Editor’s note: This article originally appeared at Watchdog.org
By Michael Bielawski
MONTPELIER, Vt. — It was a sea of orange at the Statehouse Thursday night as more than 200 gun enthusiasts gathered to hold conversations with legislators. The main topic was gun control legislation.
“For us as legislators, it’s a great opportunity to talk to the sporting community,” said state Rep. Patrick Brennan, R-Colchester. “They came from all over the state and they have a real commitment to what they do.”
The Burlington charter changes were a top concern of those in attendance. In 2014, Burlington residents approved three gun control ordinances that violate state law. According to Vermont’s state preemption statute — called the Sportsmen’s Bill of Rights — municipalities lack authority to regulate guns.
Nevertheless, city officials are advancing the measures in three state bills: H.566, H.567 and H.568. The bills, respectively, would do the following: require gun owners to lock up guns at home, authorize police to confiscate guns from people suspected of domestic abuse, and ban guns from establishments that serve alcohol.
“The Burlington charter changes are a major problem,” said Evan Hughes, vice president of the Vermont Federation of Sportsmen’s Clubs.
“We have what’s called the Vermont Sportsmen’s Bill of Rights. It says municipalities can’t regulate a lot of areas including shooting, hunting, fishing, trapping (and) reloading. … What they want to do is get an exemption for those three bills.”
Hughes said the Sportsmen’s Bill of Rights went into effect in 1988 to prevent “a patchwork of conflicting and confusing laws.” Without it, he added, Vermonters would not only have to know what the laws are in each town, but they would have to know town boundaries as well.
“A lot of these towns you go through on back roads — you don’t know where you are,” he said.
Larry Hamel, an NRA-certified gun trainer from East Hardwick, echoed Hughes’ concerns.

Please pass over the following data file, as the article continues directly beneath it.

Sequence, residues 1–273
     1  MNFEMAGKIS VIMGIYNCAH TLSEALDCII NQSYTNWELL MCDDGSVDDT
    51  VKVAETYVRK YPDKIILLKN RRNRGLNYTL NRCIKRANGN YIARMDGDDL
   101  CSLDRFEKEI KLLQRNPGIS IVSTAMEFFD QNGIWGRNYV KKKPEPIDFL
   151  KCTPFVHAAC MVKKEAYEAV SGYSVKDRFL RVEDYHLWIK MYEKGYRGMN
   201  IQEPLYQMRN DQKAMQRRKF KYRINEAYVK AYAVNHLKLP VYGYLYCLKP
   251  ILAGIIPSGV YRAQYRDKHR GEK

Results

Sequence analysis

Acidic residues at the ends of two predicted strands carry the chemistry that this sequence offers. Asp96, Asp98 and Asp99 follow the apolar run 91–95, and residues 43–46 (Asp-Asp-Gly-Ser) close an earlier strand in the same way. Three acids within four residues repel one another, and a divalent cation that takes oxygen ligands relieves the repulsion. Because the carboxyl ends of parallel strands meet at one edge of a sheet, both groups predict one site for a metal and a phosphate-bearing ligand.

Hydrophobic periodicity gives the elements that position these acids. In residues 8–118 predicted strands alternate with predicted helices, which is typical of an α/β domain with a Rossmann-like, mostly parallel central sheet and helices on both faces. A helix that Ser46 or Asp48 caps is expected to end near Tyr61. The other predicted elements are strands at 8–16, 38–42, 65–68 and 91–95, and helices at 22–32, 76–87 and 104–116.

“We’re all concerned with what Burlington is trying to do to our state gun laws,” he said. “They are stepping on our rights and they are trying to mandate things that are against our state constitution, and we’re not going to sit by and let it happen.”
Hamel said letting municipalities regulate guns, hunting and other sportsmen activities would result in chaos.
“It could be a nightmare. Suppose Hardwick did it and you were traveling from Morrisville to Wheelock to go hunting: then you couldn’t go through Hardwick with a gun in your car. It would make a mess of things.”
Brennan said he thinks the bills are dead, at least for now.
“I talked to the speaker and the committee chair and they’re not going to pick it up,” he said. “They’re done with it for this year. It may be back next year, but we’ll fight that battle again then.”
Chris Bradley, president of the Vermont Federation of Sportsmen’s Clubs President, said gun owners also are concerned about H.709, which requires Vermonters to disclose gun ownership to homeowner’s insurance companies.
“This is absolutely ludicrous,” he said. “If you call your insurance company today, they will tell you that if you have firearms they are already covered under your existing homeowner’s policy. They will further tell you that if there was an accidental issue with that gun, you are probably going to be covered under that homeowner’s policy, unless you did something negligent or intentional.”
Brennan doesn’t think H.709 is going anywhere. “It’s kind of frivolous. It’s just a stab for the anti-gun guys to get something through this year. But I don’t see that getting any traction.”
Bradley also expressed concern over H.775, a mandatory background check for most gun sales.
“Let’s start with the name — it can’t be universal if it isn’t applied universally, and criminals aren’t going to apply,” he said. “It’s yet another moniker that sounds good, like ‘assault weapons’ or ‘gun show loophole.’ But it’s a misnomer.”
Darin Goens, state liaison to the NRA, said he’s watching H.460, a ban on the use of lead ammunition for hunting.
“When people hear ‘lead,’ they instantly think lead paint, lead toys, lead cribs and all this other lead. The lead that’s used in ammunition is completely different.”
Goens said the lead in ammunition is not chemically reactive.
Brennan said few lawmakers expect gun control bills to go anywhere in an election year.
“Every legislator in that building has a sporting community in their district,” he said. “A great number of them own guns, hunt, fish and trap. So, it’s a very unpopular stance to take when you back one of those bills that infringes on these rights.”